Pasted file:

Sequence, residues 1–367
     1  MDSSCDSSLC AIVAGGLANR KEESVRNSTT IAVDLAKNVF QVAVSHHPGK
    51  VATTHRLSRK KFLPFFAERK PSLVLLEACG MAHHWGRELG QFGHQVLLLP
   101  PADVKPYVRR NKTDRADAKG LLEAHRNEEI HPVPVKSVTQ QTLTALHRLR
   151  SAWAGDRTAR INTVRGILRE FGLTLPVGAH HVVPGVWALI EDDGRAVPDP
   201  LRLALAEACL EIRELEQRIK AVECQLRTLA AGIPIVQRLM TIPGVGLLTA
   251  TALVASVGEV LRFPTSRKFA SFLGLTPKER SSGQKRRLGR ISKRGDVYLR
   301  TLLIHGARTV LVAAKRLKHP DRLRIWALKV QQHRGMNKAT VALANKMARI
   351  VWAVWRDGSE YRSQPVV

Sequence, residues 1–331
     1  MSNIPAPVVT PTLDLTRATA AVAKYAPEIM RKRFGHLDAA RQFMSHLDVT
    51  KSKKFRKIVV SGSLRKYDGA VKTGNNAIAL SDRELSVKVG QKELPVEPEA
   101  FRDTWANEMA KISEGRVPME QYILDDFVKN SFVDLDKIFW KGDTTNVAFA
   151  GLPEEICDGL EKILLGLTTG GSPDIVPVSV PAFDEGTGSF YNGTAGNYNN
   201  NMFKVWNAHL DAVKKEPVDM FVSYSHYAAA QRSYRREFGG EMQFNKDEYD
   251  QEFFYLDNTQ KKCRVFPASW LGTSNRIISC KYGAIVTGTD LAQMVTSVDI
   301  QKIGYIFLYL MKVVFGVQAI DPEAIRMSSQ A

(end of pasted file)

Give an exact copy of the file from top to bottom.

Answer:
Sequence, residues 1–367
     1  MDSSCDSSLC AIVAGGLANR KEESVRNSTT IAVDLAKNVF QVAVSHHPGK
    51  VATTHRLSRK KFLPFFAERK PSLVLLEACG MAHHWGRELG QFGHQVLLLP
   101  PADVKPYVRR NKTDRADAKG LLEAHRNEEI HPVPVKSVTQ QTLTALHRLR
   151  SAWAGDRTAR INTVRGILRE FGLTLPVGAH HVVPGVWALI EDDGRAVPDP
   201  LRLALAEACL EIRELEQRIK AVECQLRTLA AGIPIVQRLM TIPGVGLLTA
   251  TALVASVGEV LRFPTSRKFA SFLGLTPKER SSGQKRRLGR ISKRGDVYLR
   301  TLLIHGARTV LVAAKRLKHP DRLRIWALKV QQHRGMNKAT VALANKMARI
   351  VWAVWRDGSE YRSQPVV

Sequence, residues 1–331
     1  MSNIPAPVVT PTLDLTRATA AVAKYAPEIM RKRFGHLDAA RQFMSHLDVT
    51  KSKKFRKIVV SGSLRKYDGA VKTGNNAIAL SDRELSVKVG QKELPVEPEA
   101  FRDTWANEMA KISEGRVPME QYILDDFVKN SFVDLDKIFW KGDTTNVAFA
   151  GLPEEICDGL EKILLGLTTG GSPDIVPVSV PAFDEGTGSF YNGTAGNYNN
   201  NMFKVWNAHL DAVKKEPVDM FVSYSHYAAA QRSYRREFGG EMQFNKDEYD
   251  QEFFYLDNTQ KKCRVFPASW LGTSNRIISC KYGAIVTGTD LAQMVTSVDI
   301  QKIGYIFLYL MKVVFGVQAI DPEAIRMSSQ A